According to Microsoft, they’ve beat the FBI at their own game. A letter sent to the company recently asked for information on an enterprise client, which Microsoft fought in court. Without having actually won a verdict, Microsoft says the FBI withdrew their request.
In late 2013, the FBI sent a National Security Letter (NSL) to Microsoft, which asked for data pertaining to the unnamed enterprise account. The NSL came with a gag order, which is the normal course of action for the FBI to ensure a company doesn’t inadvertently tip the customer off. The gag order may have been the FBI’s undoing, though.
According to Microsoft, they challenged the gag order in court, claiming it violated free speech rights. In a blog post, Microsoft's general counsel Brad Smith said “We concluded that the nondisclosure provision was unlawful and violated our Constitutional right to free expression. It did so by hindering our practice of notifying enterprise customers when we receive legal orders related to their data.”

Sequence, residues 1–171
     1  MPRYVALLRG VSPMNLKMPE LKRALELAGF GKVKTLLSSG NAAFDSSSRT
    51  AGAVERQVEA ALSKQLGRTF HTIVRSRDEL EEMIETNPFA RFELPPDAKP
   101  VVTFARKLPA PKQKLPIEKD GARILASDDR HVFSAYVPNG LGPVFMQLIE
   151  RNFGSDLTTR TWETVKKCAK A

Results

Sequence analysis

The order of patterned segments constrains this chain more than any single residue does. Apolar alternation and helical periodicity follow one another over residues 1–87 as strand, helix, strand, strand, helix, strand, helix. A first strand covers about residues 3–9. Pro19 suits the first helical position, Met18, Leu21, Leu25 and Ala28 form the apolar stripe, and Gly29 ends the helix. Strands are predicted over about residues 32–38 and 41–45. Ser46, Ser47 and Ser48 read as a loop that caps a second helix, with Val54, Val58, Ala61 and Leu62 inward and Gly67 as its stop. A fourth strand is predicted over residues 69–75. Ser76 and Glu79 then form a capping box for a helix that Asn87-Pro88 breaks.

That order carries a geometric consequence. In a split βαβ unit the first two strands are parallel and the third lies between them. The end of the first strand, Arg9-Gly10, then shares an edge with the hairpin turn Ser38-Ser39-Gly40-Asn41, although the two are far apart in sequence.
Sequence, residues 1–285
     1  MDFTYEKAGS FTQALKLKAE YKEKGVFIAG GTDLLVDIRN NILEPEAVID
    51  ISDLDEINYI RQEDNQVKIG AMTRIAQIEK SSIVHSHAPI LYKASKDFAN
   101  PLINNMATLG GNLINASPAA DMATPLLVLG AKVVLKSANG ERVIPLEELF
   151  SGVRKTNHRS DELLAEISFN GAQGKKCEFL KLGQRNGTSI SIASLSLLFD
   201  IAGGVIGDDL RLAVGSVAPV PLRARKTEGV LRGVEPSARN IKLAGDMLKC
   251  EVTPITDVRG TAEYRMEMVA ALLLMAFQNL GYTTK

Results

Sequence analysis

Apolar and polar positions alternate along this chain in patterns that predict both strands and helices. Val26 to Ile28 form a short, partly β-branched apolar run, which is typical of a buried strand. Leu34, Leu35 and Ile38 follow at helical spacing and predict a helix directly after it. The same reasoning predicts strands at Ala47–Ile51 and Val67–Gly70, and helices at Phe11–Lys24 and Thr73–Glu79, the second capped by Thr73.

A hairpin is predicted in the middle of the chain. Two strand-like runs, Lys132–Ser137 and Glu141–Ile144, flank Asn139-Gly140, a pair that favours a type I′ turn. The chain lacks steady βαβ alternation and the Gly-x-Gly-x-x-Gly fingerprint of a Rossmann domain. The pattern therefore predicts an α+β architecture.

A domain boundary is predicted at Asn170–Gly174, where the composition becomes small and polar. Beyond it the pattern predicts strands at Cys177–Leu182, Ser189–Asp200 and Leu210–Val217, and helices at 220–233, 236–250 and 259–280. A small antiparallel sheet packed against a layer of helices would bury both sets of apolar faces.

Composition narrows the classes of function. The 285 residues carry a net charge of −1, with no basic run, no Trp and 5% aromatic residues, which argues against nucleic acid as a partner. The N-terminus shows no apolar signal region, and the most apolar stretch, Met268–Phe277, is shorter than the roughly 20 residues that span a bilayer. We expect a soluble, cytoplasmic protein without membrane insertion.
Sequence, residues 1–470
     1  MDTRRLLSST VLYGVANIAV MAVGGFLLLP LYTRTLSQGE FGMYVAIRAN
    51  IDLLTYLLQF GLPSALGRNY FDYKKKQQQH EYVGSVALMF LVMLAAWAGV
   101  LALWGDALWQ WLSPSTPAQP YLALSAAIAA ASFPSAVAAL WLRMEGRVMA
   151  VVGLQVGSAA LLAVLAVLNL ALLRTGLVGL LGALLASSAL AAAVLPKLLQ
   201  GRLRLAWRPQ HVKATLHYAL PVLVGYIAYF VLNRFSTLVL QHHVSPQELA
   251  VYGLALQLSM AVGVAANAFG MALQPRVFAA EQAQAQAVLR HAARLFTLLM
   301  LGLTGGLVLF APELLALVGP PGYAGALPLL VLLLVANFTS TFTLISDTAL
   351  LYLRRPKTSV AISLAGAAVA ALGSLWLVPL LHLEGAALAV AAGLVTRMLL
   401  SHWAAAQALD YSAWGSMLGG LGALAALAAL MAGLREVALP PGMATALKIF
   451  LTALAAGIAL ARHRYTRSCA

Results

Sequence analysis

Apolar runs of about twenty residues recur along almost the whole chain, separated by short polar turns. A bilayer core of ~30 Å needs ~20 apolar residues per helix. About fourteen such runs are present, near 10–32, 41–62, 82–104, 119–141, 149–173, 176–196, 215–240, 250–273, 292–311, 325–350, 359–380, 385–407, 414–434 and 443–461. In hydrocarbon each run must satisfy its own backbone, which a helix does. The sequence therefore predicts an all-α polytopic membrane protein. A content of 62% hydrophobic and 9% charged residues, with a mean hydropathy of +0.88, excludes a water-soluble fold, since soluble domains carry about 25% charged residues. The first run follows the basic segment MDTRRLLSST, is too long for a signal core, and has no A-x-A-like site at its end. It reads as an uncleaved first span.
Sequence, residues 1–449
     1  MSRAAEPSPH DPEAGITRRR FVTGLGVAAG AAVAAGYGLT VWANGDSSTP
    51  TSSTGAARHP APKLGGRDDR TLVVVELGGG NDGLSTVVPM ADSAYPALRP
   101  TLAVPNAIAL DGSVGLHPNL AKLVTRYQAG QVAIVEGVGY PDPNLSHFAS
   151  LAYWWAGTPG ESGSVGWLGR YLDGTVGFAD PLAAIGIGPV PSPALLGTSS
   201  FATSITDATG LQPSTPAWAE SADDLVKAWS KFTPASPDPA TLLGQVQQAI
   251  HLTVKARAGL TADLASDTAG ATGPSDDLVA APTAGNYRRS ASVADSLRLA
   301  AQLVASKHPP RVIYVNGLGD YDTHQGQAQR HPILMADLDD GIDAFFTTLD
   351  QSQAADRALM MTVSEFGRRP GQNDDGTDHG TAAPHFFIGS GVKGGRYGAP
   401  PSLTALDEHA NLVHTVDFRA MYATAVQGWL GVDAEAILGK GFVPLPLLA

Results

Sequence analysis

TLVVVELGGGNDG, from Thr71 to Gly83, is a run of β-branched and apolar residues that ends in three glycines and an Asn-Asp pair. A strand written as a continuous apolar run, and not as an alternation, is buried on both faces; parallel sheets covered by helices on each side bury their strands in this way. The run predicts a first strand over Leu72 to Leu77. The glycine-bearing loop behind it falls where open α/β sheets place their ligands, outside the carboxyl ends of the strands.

Though the NSL only asked for basic account info, Microsoft has committed to “notifying business and government customers if we receive legal orders related to their data”. In another blog post form last year, Smith laid down the company’s intentions moving forward. “Where a gag order attempts to prohibit us from doing this, we will challenge it in court” he said. It’s not known if this is the first time they’ve successfully fought a gag order, but it may be the last time they have to.